October 25, 2013

The Quiet Man • A Friday Flashback

This Friday Flashback was originally written in July 2006. 

He was the teacher everyone wanted to avoid. This past year of college, more than a few conversations about Mr. Shepherd began like this:

“Who’s your Bible teacher?... Oh-- that quiet man?… Boy, do I feel sorry for you!”

As soon as his name was mentioned, someone was sure to quip, “the quiet teacher” or “the one nobody can ever hear.” I heard his voice described as “squeaky like an ambulance siren… up and down all the time” and “you can only hear every fourth syllable.” Everyone unanimously agreed that the word which best fit Mr. Shepherd was “Booooooring.”

I had him my first semester for Old Testament Survey 101. I must admit, this was the only class I have ever fallen asleep in. I could not follow his lectures at all, and indeed, I could barely hear a word he said. He told us once that in high school he’d been voted “Most Bashful.” I believe it. His reticence was the first impression I got of Mr. Shepherd. In conversation, all of his words were quietly thought out beforehand, sometimes with uncomfortable pauses.

Mr. Shepherd is about my father's age, with some sort of technological career behind him. Most students thought he belonged back in front of that computer screen; and all of Mr. Shepherd's students agreed that the desk job would've been more inside Mr. Shepherd's comfort zone. But, as he announced to us on the first day of class, the Lord had called Mr. Shepherd out of his comfort zone and into the ministry. Ministry to us.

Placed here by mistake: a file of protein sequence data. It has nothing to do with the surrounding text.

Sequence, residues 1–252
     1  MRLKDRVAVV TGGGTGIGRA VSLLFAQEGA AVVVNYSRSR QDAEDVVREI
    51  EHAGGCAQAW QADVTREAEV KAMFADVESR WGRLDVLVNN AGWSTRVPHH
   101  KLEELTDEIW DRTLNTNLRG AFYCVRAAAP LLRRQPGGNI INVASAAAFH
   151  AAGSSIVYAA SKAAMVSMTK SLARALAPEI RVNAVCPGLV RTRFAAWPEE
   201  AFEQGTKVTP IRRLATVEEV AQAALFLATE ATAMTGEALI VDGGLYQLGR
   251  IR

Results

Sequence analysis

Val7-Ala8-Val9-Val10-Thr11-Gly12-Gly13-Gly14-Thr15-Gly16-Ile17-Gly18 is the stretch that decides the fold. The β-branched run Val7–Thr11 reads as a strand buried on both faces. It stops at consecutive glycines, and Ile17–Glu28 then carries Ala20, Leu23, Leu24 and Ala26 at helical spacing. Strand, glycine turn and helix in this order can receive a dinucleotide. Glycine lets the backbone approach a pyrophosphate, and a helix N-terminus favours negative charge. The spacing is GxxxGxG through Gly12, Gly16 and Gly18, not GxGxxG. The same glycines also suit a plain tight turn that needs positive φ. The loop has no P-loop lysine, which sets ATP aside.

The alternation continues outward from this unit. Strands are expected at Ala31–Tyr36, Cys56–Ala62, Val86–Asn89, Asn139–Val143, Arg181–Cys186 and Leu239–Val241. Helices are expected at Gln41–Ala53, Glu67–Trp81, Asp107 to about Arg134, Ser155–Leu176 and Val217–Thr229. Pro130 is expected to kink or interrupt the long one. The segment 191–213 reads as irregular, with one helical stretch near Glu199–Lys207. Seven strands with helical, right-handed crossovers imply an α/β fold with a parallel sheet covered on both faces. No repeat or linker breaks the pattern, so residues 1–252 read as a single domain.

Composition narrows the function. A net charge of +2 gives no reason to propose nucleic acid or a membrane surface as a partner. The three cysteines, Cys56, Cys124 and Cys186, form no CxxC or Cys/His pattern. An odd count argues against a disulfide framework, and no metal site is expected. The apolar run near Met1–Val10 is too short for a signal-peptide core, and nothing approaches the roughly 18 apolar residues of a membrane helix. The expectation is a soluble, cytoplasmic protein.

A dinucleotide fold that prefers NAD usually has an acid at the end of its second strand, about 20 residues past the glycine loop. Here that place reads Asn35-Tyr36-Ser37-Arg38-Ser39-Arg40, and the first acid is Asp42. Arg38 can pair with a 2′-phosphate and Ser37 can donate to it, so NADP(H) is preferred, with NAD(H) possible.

I endured through that first semester with Mr. Shepherd, complaining along with everyone else about his teaching style and feeling as if my success as a college scholar was somehow injured by having had him as Bible teacher. Then spring semester rolled around. Before registration I planned my class schedule carefully and meticulously; it is very difficult for a "work student" with many work hours to fit all the required courses  around a job schedule. But at last I had figured it out, and, eager to see which teachers I’d ended up with, I thumbed through the registration booklet. I’d never heard of any of the teachers I would be having for my Math, English, or P.E. classes. I didn’t recognize the names of my History and Speech teachers. But when I got to New Testament Survey, my enthusiasm for the new semester faded as I noticed the name printed beside the section number I was planning to register for.

Mr. Shepherd.

Surely this had to be wrong! I was not taking Mr. Shepherd again! I double-checked. It was inevitable. The only section of New Testament Survey which fit around my work schedule was taught by the one and only Mr. Shepherd.

I complained for days. Could it possibly be fair that I had to suffer through Mr. Shepherd’s lectures for two semesters in a row?! I rallied the sympathy of everyone I met that first week or two, and made it known that I was not happy about taking the quiet man’s class.